Bardon is a civil parish and former village in the North West Leicestershire District about 1.5 miles (2.4 km) southeast of the centre of the town of Coalville. The parish includes Bardon Hill, which at 912 feet (278 m) above sea level is the highest point in Leicestershire.
Granite was being quarried from Bardon Hill by 1622. In 1832 the Leicester and Swannington Railway was opened, passing close by the then village of Bardon. A branch was built to the quarry and continues to carry granite from the quarry to this day. Bardon Hill railway station was near the parish church. The station was closed in the 20th century but the railway through it remains open for freight as part of the Leicester to Burton upon Trent Line.
In 1921 Bardon had a population of 511. In the 1990s the village was demolished to allow the quarry to be expanded. The parish now has a very small population.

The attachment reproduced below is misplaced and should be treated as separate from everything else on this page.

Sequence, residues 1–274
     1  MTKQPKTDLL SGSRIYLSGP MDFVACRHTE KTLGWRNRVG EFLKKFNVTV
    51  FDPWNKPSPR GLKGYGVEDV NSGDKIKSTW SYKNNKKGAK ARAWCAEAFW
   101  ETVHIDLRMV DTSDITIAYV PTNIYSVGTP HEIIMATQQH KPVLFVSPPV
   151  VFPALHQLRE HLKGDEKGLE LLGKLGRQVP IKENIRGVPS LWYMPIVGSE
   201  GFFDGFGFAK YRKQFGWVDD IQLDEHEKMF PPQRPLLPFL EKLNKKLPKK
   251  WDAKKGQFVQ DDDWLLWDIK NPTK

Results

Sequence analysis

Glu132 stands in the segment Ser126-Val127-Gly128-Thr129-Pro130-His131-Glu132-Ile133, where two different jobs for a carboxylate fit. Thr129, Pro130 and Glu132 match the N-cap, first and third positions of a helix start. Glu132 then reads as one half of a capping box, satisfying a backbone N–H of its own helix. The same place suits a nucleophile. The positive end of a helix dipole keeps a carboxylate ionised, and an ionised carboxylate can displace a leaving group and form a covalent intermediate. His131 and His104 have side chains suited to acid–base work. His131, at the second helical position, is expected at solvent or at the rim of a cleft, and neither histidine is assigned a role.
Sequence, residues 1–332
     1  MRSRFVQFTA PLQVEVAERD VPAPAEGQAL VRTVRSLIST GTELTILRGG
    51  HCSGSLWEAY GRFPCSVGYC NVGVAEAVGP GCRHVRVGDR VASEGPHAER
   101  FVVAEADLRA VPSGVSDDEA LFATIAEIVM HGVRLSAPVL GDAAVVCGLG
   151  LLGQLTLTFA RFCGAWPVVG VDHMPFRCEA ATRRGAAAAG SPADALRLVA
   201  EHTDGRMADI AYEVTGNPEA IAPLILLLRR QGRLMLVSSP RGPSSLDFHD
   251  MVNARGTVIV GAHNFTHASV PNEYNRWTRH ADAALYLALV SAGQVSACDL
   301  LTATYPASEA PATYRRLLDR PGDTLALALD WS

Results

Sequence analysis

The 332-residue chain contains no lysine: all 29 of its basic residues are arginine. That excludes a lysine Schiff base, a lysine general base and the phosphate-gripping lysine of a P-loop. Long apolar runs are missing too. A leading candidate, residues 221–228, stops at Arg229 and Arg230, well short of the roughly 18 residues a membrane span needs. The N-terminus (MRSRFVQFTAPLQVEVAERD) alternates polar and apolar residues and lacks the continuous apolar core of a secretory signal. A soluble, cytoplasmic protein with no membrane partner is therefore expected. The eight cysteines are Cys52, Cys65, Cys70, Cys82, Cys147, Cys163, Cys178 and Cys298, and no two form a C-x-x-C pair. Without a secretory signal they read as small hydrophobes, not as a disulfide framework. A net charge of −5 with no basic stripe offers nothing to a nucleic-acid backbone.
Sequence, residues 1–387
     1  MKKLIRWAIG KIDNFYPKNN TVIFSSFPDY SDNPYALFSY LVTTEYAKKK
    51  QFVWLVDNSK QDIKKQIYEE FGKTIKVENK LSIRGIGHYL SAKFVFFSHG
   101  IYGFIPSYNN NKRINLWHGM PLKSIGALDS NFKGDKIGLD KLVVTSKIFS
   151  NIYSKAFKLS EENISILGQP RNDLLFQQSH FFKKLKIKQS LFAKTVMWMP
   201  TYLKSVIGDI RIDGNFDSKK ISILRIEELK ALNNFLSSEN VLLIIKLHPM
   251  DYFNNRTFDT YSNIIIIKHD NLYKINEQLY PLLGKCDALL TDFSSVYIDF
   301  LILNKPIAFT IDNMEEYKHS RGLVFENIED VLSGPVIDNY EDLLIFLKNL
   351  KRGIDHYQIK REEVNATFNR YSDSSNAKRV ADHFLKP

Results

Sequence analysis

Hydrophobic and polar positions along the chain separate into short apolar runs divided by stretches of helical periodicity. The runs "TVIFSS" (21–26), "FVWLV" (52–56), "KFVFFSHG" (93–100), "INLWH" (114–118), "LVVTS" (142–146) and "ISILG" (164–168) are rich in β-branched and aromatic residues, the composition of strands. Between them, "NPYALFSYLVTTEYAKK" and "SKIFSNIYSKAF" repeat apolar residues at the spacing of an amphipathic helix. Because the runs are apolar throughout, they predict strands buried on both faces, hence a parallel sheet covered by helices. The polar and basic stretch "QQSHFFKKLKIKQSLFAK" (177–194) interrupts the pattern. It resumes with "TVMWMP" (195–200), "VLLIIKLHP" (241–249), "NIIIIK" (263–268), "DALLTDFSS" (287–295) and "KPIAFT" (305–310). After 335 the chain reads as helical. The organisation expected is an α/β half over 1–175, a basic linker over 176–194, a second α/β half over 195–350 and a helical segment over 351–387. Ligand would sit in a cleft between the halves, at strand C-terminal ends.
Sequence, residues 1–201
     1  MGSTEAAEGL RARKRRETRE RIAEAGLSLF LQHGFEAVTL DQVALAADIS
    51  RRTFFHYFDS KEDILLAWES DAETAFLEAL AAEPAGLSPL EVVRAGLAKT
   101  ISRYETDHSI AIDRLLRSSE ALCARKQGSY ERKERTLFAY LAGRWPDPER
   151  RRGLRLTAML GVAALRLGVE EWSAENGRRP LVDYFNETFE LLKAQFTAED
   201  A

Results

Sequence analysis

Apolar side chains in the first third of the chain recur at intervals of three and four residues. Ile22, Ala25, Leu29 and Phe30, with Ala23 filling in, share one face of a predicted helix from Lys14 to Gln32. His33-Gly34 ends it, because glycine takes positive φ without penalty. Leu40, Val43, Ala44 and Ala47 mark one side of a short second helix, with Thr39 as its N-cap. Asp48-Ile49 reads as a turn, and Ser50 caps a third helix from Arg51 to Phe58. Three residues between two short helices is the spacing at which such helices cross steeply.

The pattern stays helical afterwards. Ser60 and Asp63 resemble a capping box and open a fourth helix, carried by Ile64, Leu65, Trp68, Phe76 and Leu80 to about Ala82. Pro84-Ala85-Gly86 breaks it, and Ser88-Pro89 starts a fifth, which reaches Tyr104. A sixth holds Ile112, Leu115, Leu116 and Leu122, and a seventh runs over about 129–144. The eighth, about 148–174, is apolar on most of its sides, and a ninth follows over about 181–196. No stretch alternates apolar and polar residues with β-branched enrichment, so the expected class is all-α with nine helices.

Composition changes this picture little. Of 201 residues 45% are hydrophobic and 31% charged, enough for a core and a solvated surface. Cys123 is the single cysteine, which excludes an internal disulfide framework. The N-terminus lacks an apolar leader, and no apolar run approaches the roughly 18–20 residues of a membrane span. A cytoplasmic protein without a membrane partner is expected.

Bardon Hall is a mid-19th century Tudor revival house built in about 1830 or 1837. It was designed by the architect Robert Lugar for Robert Jacomb Hood. An earlier moated house, the Old Hall, was situated in a shallow valley in Bardon Park, south of Bardon Hill. The hall had been the property of members of the Hood family since the 1620s. The last male member of this family, William Hood, died in 1835 without issue. Hood left the estate to his cousin, Robert Jacomb, on condition that Robert assumed the surname of Hood.
The Old Hall was demolished in about 1840 for Robert Jacomb Hood, who described it in his memoirs as "too dilapidated for residence, and the situation was low, damp and unhealthy" The moat that surrounded it still remains.
In 1864 the whole estate was sold to William Percy Herrick of Beaumanor Hall. To improve access Herrick had a 2 miles (3 km) private carriage road built, leading to the Ashby de la Zouch road.
The Hall is Grade II listed, and is the head office of Aggregate Industries, the owners of Bardon Hill Quarry.